Need a camera

Discussion in 'Film Discussion and Q & A' started by mintwin101, Jun 4, 2007.

  1. mintwin101

    mintwin101 TPF Noob!

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    So i am still debating between film and digital. This will be my first camera. At first i said digital because you dont have to pay for the film and getting the film developed and i thought that would be cheaper in the long run. Which may be true. Then i realized that it doesnt matter the cost in the long run if you cant afford the camera itself. So I am thinking about film now. I have no idea how much new ones cost if you can even get them new anymore. But what camera would you suggest for a beginner hopefully in the price range of under $300. If that is not possible i can probably go up to 400. thank you in advance
     
  2. Big Mike

    Big Mike I am Big, I am Mike Staff Member Supporting Member

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    Would you consider used cameras?

    You can get a good new 35mm flim SLR & lens, most likely for less than $300. Used ones can be had for much cheaper. Maybe you could even find someone who is selling a whole kit with a camera, a couple lenses and flash etc.
     
  3. mintwin101

    mintwin101 TPF Noob!

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    ya, i am bassically looking used
     
  4. Big Mike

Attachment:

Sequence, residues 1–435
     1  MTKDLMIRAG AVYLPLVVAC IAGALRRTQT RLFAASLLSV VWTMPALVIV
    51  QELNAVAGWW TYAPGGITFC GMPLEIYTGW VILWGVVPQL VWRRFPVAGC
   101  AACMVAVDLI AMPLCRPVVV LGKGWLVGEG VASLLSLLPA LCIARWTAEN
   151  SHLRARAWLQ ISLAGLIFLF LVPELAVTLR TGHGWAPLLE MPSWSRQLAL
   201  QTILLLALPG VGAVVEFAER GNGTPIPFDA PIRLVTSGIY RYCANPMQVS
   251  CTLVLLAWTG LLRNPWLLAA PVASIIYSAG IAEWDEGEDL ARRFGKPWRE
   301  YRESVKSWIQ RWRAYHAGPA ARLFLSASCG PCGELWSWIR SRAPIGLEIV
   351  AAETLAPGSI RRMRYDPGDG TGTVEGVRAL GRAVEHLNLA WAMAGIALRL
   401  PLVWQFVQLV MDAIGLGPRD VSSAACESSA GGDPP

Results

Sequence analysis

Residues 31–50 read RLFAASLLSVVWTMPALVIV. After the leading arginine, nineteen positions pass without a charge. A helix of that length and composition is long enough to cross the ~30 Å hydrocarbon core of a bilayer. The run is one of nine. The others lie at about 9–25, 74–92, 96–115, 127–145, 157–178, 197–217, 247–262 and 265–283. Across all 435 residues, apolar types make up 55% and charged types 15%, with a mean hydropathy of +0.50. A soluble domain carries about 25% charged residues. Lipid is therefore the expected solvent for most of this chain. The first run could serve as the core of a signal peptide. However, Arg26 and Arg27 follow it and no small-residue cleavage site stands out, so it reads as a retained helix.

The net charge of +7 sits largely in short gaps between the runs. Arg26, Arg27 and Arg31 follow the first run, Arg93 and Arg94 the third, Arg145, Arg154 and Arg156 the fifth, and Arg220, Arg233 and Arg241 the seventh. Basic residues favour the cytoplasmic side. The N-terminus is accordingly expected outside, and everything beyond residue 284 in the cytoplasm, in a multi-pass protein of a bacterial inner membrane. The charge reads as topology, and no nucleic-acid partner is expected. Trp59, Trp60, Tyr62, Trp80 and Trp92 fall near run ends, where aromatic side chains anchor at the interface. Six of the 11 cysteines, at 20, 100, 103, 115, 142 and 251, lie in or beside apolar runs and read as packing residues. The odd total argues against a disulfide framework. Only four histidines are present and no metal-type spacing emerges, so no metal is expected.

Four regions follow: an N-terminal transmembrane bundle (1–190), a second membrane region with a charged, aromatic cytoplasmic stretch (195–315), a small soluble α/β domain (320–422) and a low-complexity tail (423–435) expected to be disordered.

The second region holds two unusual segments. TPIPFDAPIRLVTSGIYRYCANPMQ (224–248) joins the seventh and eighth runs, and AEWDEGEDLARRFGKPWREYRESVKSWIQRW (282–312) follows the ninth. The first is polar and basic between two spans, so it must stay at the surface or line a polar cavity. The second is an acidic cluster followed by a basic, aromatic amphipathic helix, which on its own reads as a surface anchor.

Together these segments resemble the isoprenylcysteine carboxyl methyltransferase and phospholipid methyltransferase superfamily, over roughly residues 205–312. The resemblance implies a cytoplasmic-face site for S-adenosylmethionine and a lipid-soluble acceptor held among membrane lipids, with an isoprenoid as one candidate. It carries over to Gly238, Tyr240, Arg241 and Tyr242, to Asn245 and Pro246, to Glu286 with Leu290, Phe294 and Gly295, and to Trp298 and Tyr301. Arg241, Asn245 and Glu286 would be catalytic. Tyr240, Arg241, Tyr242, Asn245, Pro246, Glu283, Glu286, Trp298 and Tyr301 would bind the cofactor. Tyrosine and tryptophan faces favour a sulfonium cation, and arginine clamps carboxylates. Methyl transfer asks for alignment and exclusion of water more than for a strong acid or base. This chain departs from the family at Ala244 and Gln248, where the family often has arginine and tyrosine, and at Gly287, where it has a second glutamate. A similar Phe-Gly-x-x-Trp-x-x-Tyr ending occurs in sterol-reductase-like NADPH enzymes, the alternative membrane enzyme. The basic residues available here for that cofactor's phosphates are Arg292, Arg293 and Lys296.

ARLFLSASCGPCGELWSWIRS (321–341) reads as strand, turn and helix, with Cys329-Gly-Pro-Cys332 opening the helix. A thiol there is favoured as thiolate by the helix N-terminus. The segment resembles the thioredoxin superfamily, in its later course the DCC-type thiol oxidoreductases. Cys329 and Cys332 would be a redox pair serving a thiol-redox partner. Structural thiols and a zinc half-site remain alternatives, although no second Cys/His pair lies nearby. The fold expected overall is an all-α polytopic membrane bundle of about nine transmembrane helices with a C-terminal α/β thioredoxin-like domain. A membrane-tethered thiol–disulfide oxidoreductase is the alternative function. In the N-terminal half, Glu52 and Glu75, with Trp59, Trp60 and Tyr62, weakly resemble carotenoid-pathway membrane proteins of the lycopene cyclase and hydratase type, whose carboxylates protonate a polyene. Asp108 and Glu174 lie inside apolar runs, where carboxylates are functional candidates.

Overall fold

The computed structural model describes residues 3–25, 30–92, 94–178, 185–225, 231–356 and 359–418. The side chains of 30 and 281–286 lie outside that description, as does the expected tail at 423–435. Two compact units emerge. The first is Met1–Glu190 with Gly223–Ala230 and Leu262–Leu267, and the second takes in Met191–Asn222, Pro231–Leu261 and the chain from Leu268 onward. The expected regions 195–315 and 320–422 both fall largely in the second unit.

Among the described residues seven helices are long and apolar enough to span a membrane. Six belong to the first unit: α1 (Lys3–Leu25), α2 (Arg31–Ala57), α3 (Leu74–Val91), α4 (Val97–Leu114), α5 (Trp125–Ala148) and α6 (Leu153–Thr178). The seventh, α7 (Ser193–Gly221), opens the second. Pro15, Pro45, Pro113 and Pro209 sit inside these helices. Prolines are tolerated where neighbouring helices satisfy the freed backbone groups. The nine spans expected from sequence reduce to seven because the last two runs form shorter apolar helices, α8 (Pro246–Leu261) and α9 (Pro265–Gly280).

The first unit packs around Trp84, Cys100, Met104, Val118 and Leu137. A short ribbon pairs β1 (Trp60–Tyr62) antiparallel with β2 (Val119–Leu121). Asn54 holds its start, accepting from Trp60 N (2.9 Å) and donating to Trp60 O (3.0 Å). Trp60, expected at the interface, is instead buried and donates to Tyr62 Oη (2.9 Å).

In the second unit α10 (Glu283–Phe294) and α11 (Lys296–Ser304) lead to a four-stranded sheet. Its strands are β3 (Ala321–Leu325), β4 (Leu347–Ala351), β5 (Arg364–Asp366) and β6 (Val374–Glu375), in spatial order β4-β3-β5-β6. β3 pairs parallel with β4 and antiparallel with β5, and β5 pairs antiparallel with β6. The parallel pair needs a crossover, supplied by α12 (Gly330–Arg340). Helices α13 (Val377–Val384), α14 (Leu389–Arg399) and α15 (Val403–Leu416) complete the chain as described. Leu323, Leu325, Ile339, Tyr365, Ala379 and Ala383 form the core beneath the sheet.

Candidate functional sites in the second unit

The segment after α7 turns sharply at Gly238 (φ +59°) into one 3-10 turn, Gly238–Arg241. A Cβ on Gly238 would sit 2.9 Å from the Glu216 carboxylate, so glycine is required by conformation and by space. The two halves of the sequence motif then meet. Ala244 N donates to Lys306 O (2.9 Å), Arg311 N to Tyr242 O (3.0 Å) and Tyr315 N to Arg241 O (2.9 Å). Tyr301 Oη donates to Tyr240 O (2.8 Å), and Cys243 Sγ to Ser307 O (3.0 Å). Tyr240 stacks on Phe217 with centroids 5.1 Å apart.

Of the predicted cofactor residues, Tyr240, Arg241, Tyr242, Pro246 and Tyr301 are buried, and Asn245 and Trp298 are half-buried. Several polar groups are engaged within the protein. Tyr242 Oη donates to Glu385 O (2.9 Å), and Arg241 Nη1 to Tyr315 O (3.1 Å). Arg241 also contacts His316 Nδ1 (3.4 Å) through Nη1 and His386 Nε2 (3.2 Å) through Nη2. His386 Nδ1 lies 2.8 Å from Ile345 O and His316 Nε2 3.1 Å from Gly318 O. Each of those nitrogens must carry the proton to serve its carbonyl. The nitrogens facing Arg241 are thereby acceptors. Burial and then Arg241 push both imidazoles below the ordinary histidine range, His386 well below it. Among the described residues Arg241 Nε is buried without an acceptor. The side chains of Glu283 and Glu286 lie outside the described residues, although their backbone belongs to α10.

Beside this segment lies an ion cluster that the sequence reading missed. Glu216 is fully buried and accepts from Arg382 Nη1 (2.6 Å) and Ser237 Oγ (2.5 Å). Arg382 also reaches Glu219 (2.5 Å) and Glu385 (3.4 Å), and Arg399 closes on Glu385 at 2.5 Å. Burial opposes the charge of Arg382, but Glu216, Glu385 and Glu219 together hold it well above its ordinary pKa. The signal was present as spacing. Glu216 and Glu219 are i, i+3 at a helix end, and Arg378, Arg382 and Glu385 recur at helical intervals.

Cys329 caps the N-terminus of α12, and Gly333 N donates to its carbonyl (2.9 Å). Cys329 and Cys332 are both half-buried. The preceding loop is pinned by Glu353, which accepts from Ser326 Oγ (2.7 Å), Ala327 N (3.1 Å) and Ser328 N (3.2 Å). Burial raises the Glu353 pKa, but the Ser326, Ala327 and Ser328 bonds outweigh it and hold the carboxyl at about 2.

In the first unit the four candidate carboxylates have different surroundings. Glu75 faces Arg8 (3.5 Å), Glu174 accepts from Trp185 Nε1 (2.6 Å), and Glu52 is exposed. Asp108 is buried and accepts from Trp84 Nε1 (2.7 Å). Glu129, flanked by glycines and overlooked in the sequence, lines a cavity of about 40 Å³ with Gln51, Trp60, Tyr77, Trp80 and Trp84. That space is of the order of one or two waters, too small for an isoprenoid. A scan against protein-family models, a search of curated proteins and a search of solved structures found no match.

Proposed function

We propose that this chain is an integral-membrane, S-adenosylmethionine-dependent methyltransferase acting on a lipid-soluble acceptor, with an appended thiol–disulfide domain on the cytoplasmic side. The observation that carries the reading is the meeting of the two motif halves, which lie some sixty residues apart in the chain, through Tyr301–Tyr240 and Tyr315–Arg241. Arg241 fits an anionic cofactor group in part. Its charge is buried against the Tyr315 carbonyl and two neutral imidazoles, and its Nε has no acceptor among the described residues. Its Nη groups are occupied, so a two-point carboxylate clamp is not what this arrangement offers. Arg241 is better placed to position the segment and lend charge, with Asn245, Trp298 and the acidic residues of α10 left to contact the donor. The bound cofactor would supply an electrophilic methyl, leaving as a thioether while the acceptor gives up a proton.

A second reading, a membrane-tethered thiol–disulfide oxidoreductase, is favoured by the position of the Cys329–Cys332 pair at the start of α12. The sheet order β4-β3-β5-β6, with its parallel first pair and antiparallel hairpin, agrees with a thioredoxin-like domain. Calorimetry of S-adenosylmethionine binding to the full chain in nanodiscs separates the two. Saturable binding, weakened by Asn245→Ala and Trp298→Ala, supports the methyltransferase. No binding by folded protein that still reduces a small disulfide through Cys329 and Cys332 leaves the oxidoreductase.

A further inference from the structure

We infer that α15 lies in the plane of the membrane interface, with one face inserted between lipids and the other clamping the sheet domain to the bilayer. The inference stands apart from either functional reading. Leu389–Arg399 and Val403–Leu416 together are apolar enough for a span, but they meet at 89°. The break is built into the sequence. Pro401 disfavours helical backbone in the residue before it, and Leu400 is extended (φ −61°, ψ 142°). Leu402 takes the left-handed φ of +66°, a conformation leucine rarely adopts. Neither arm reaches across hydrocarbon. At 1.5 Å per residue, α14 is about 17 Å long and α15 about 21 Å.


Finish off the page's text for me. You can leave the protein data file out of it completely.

Big Mike I am Big, I am Mike Staff Member Supporting Member

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    There are many, many options.

    Being a Canon shooter...I'll offer some Canon suggestions but other brands are good as well.

    The entry level Canon Auto Focus SLR cameras are the EOS Rebel series. The newer ones have a few more options but any of them will be able to get the job done. You can probably find them pretty cheap.

    The next level up is the EOS ELAN series. They are a bit bigger and tougher and have a few more options. They have the thumb wheel which is just great.

    There are 'pro' bodies like the EOS 3 or EOS 1 series...but that may be more than what you need.

    Practically more important than the camera is the lens...so consider that.

    You could go with something even older...you don't need to get an autofocus camera...but the advantage of going with a Canon EOS...is that the lenses will be compatible with a Canon EOS digital body, if you ever get one. The same is true of Nikon, or Pentax etc.
     
  5. Don Simon

    Don Simon TPF Noob!

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    You'll easily find a good film SLR for $50 or less. Lenses can be more expensive, especially if compatible with current digital SLRs in which case they will still be in demand. But yes $300 is easily enough for a film SLR body and a couple of pretty good lenses.
     
  6. mintwin101

    mintwin101 TPF Noob!

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    Okay, so i was looking and i found a nikon N75 body but what kind of lens should i look for
     
  7. Don Simon

    Don Simon TPF Noob!

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    Well the N75 is ok. Don't feel you have to go for the first reasonably priced camera you see though. Prices of film cameras are ridiculously low and everyone's trying to offload them. If sticking with Nikon you might be able to get an F80 for the same price.

    In terms of lenses, well that's up to you. I'd usually recommend a 50mm prime, something like a 50mm f/1.7. That's generally considered a "standard" focal length on 35mm cameras. You might also want a wide-angle and/or a telephoto. You could probably get a decent zoom for not too much; maybe something like a 19-35mm for wide-angle and a 70-200mm for telephoto.